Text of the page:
But back to "people ready." If Vista users are constantly fighting with UAP and using a UI that makes it unclear which window has the focus, and experienced Office users are constantly fighting with the Office 2007 UI, where are all the productivity gains coming from? Microsoft says that these products will make it easier to accomplish specific tasks, such as collaborating with others, and that the biggest gains will be seen in situations in which information workers are interacting with one or more coworkers.

My fear is that these products are usurping personal productivity, which is a known quantity, in favor of collaboration features, which most definitely are not a known quantity. It's still unclear whether the typical information worker--and yes, I hate that term as much as you--will ever use, let alone take advantage of, these features. I'd be happy to be proven wrong, of course. But I have concerns. What do you think?

Correction In last week's Windows IT Pro UPDATE, I wrote that "the R2 version of SBS 2003 adds all the technology from the mainstream Windows Server 2003 R2 release, along with a number of unique additions." This is incorrect. SBS 2003 R2 adds the relevant technologies from the mainstream Windows 2003 R2 release only. However, because many R2 features are enterprise-related, they will not appear in the SBS 2003 R2 release. Sorry for any confusion this might have caused.


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==== 2. Hot Off the Press ====
by Paul Thurrott, thurrott[email protected]

Microsoft Preps IE 7 Beta Refresh
On Monday at the Microsoft MIX 06 Web developer and designer conference in Las Vegas, Nevada, Microsoft will issue a refreshed version of Internet Explorer (IE) 7 Beta, which the company is describing as feature complete. Microsoft will also discuss the next version of IE, which will likely include features that didn't make it into IE 7, including a true download manager and more seamless inline Web page searching. To read the complete story, visit the following URL:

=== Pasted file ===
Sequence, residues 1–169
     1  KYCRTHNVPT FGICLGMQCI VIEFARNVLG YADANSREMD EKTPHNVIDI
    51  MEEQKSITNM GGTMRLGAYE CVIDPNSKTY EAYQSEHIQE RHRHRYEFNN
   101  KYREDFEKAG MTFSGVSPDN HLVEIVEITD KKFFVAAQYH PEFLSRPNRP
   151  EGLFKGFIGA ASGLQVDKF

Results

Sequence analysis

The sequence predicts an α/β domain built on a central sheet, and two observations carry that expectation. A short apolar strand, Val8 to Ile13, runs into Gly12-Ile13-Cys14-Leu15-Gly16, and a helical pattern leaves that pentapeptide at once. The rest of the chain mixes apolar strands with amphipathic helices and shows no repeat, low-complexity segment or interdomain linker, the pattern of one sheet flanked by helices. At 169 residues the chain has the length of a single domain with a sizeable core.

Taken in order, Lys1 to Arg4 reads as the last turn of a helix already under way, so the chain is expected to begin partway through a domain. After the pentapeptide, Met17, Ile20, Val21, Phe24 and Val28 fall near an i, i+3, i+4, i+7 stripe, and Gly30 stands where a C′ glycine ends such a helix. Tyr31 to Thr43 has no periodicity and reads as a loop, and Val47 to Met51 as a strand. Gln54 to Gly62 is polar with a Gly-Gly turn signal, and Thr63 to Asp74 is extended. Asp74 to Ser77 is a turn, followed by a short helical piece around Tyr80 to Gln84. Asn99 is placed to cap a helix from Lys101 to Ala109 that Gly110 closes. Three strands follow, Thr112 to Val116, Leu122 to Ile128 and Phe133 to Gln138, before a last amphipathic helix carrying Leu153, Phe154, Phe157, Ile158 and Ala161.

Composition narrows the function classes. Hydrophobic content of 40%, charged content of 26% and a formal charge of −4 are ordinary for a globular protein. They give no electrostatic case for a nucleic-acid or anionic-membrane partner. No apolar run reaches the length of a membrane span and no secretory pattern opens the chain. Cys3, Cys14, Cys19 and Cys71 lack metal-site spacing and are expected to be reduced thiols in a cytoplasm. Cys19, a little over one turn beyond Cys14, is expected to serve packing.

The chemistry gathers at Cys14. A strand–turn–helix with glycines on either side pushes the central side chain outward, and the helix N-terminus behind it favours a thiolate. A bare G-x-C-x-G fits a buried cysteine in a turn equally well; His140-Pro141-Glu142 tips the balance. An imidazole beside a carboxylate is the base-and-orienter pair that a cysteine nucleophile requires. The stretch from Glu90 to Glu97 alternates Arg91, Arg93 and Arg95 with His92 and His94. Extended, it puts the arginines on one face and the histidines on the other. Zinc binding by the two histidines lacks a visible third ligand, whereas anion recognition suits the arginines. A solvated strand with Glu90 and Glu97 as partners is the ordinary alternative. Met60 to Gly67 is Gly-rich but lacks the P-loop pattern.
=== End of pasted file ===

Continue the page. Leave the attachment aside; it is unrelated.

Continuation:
==== 3. Networking Perspectives ====
by Alan Sugano, [email protected]

Setting Up a VPN that Uses Certificates

==== Events and Resources ====
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==== 4. Peer to Peer ====

Forum Threads
Add your voice to the following discussions:

Finding inactive computers in Active Directory.

Security Breach?

New job, so far so good...

-------- Tip: Can I defragment an Exchange database using a network drive if I don't have enough space locally?
by John Savill,

Find the answer at the following URL:

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==== 5. New and Improved ====
by Blake Eno, [email protected]

Synchronize Folder Contents Between Multiple Devices
Heatsoft announced Advanced Directory Comparison and Synchronization (ADCS) 1.19, a tool that lets you compare and synchronize folder contents between desktops, laptops, or multiple disk drives on your network. ADCS's UI provides a side-by-side comparison of each device's folders and shows the file sizes, file creation dates, and other attributes associated with the folder. You can copy files from one folder to another or synchronize the folders with a single mouse-click. ADCS's other features include comma-separated value (CSV) and HTML-based comparison reporting, disk space viewing, and custom sorting. Pricing for ADCS starts at $30 for one to two licenses. For more information, contact Heatsoft. Tell Us About a Hot Product and Get a T-Shirt!